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Sanibel Island, Florida
Traffic and tourists are relatively recent additions to the island, as the causeway linking the island to the mainland was not constructed until 1963. Before that time, a ferry transported visitors to the island. Among the more notable passengers on the ferry were Thomas Edison and Henry Ford, who, during the winter, were next-door neighbors in Fort Myers, located just a short distance up the Caloosahatchee River from Sanibel Island. Long before these innovators arrived on the scene, the first settlement was established on the island in 1833. The small group of settlers petitioned for a lighthouse, but their request was not successful. Neither was their settlement. Due to disease and hardship, the settlement was abandoned in less than five years.
Punta Rassa, located on the mainland across San Carlos Bay from the eastern end of Sanibel Island, soon thereafter became a substantial port as cattle were driven to its docks from across Florida to be loaded onto vessels and transported to Cuba. In 1856, the Lighthouse Board recommended a beacon be established on Sanibel Island to light the port, but no action was taken. After the Civil War, another request for the lighthouse was made in 1878. Congress was slow in granting sufficient funds for the project, but all of the needed $50,000 was finally obtained in 1883.
Work on the lighthouse foundation began on the eastern tip of the island in March of 1884, while the superstructure was fabricated in the north and shipped to the site. Two square keeper’s dwellings with hipped roofs and supported by iron pilings were also built at the station along with a 162-foot wharf. Just two miles from Sanibel Island, the ship carrying the lighthouse material for both Sanibel and Cape San Blas sank. Divers were able to recover almost all of the pieces, and the lighthouse, consisting of four iron legs arranged in a pyramidal fashion around a cylindrical central column, was ready to be lit by keeper Dudley Richardson on August 20, 1884. A third-order Fresnel lens graced the tower at a height of about 98 feet. Just like its twin at Cape San Blas, the central column of the Sanibel Island Lighthouse stops about 10-feet from the ground, and must be accessed by an external staircase.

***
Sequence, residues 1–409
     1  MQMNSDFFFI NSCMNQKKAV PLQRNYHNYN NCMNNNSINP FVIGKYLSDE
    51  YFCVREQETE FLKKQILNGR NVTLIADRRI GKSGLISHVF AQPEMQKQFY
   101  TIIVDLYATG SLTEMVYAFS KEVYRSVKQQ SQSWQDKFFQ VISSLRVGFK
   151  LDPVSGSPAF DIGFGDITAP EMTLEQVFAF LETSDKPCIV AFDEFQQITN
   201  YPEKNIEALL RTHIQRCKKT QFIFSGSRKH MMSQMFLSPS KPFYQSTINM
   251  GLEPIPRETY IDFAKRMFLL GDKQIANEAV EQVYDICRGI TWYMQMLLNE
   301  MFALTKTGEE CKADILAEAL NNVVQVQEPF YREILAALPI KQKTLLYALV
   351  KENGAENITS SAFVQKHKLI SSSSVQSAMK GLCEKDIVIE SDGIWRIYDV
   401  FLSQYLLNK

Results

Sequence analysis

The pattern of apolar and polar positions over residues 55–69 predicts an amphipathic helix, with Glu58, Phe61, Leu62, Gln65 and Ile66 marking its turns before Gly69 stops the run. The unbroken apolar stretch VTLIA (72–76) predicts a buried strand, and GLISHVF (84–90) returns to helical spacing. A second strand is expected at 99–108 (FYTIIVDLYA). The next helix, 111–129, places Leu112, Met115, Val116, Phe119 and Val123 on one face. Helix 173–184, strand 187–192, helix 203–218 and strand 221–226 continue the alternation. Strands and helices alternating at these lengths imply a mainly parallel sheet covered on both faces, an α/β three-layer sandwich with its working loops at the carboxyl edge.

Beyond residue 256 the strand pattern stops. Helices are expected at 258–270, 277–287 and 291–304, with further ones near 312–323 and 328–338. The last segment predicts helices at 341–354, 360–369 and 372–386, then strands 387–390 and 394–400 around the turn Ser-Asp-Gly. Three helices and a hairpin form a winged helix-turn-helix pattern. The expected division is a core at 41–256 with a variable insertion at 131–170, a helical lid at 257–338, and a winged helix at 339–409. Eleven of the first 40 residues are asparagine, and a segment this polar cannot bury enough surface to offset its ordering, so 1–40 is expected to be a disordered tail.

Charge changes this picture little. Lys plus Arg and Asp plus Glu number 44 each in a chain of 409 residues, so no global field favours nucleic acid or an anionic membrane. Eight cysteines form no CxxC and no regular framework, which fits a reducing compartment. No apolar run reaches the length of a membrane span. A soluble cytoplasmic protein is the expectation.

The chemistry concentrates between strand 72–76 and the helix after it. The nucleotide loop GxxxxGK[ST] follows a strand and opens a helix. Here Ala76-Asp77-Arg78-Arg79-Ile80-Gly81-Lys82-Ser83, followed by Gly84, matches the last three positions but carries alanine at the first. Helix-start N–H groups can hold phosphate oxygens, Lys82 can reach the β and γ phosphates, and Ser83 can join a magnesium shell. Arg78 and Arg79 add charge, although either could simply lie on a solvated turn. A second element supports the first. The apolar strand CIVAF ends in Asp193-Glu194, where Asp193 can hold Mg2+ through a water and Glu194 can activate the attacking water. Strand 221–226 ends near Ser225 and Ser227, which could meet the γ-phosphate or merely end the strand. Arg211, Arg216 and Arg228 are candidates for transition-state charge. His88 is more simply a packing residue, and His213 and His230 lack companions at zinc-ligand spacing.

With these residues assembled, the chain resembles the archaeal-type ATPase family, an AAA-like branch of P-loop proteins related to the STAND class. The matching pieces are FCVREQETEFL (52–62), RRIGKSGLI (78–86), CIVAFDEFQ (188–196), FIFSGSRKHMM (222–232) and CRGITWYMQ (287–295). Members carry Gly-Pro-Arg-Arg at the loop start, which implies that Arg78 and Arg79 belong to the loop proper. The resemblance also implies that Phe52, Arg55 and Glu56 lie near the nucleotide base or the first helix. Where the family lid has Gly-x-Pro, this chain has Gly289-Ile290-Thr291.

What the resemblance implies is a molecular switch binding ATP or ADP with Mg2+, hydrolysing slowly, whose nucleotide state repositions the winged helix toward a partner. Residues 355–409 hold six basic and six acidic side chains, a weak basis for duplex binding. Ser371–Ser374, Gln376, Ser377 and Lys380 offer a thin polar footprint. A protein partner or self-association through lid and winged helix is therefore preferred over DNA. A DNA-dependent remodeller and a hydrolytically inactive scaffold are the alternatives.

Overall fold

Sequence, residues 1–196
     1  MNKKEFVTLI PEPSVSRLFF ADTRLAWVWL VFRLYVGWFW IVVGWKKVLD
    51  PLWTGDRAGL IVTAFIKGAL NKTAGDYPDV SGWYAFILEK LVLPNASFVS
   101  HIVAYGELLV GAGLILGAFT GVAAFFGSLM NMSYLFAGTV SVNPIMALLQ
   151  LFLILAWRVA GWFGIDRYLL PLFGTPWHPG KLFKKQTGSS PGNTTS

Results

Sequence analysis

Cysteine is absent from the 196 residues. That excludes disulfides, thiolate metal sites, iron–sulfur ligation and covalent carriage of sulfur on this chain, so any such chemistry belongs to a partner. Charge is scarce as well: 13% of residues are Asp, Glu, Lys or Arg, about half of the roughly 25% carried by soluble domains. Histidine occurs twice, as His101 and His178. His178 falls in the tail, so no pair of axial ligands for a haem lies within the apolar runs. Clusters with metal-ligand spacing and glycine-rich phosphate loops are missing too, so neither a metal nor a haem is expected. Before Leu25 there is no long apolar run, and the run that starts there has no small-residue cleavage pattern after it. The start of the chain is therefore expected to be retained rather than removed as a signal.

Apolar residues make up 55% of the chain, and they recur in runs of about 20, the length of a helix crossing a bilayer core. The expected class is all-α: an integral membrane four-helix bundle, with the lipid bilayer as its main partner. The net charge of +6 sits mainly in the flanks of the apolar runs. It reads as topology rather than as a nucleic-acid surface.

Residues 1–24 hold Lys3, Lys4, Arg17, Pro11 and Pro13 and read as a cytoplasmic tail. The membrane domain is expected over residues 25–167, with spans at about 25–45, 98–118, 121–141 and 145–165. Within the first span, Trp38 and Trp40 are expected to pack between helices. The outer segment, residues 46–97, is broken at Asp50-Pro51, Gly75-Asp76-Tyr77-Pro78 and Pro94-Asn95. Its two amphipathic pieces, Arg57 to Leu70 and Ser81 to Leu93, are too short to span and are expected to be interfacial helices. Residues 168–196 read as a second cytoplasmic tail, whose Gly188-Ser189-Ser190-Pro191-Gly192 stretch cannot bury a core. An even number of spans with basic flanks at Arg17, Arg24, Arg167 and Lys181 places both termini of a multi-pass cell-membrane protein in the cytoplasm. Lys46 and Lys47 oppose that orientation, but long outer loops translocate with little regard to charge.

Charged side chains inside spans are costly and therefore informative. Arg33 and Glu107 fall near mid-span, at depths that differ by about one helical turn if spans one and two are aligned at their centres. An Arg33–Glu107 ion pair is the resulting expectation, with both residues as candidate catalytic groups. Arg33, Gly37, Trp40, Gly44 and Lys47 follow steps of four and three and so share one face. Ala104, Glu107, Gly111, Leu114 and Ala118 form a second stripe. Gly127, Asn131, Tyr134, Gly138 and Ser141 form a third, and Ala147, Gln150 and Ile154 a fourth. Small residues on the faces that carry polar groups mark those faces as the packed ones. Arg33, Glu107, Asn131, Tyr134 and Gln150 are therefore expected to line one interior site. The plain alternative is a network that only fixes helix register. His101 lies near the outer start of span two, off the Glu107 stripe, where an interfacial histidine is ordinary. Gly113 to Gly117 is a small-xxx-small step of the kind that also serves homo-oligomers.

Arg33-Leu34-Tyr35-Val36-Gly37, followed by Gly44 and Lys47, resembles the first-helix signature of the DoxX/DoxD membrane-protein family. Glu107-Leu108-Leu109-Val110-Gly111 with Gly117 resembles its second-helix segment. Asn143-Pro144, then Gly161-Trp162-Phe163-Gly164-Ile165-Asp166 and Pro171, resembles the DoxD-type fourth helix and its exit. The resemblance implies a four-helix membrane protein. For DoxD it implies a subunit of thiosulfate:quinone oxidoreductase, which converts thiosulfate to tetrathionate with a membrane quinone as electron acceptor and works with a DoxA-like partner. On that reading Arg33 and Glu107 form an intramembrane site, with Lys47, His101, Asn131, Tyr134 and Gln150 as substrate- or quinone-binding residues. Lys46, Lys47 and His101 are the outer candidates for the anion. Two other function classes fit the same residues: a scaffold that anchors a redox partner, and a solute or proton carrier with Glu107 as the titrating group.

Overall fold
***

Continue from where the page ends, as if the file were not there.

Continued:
Accompanied by his wife and two sons, Henry Shanahan moved to Sanibel Island from Key West around 1890, and soon became the assistant keeper at the lighthouse. When Keeper Richardson resigned in 1892, Shanahan applied for the position. At first, the authorities refused to promote him to head keeper since he was illiterate. However, when he threatened to otherwise resign, they gave him the promotion. After several years of living at the lighthouse, Shanahan’s wife died, leaving him with their seven children. A widow happened to also be living on the island raising her five children. Soon, she and Shanahan married, and then together had one more, making a total of thirteen children. Needless to say, the family helped in running the lighthouse, and when Henry passed away in 1913, his son Eugene became a keeper at the lighthouse. Later, one of Henry Shanahan’s stepsons, Clarence Rutland, served as a keeper from 1936 to 1941.
In 1923, the dwellings were modernized receiving indoor plumbing and bathrooms, and enclosed porches. That same year, the light was converted from kerosene to acetylene gas. Roughly 670 acres were originally reserved for the lighthouse, but by 1923 the boundary of the station property only extended 1,000 feet west of the lighthouse.
Coast Guardsman Bob England came to the lighthouse in 1946 with his wife and infant daughter. The following year, a hurricane caused severe erosion on the island, and left one of the dwellings standing in a foot of water. Due in part to concerns over erosion, the lighthouse was automated in 1949.
The dwellings were not long empty, as in 1949 they became home to employees of the J. N. “Ding” Darling National Wildlife Refuge. In 1972, the Coast Guard proposed discontinuing the lighthouse, but feedback provided by local residents and mariners convinced them to keep it lit. The City of Sanibel assumed management of the lighthouse property, except the tower, in 1982. City employees currently live in the dwellings rent-free, and in return help maintain and supervise the property.
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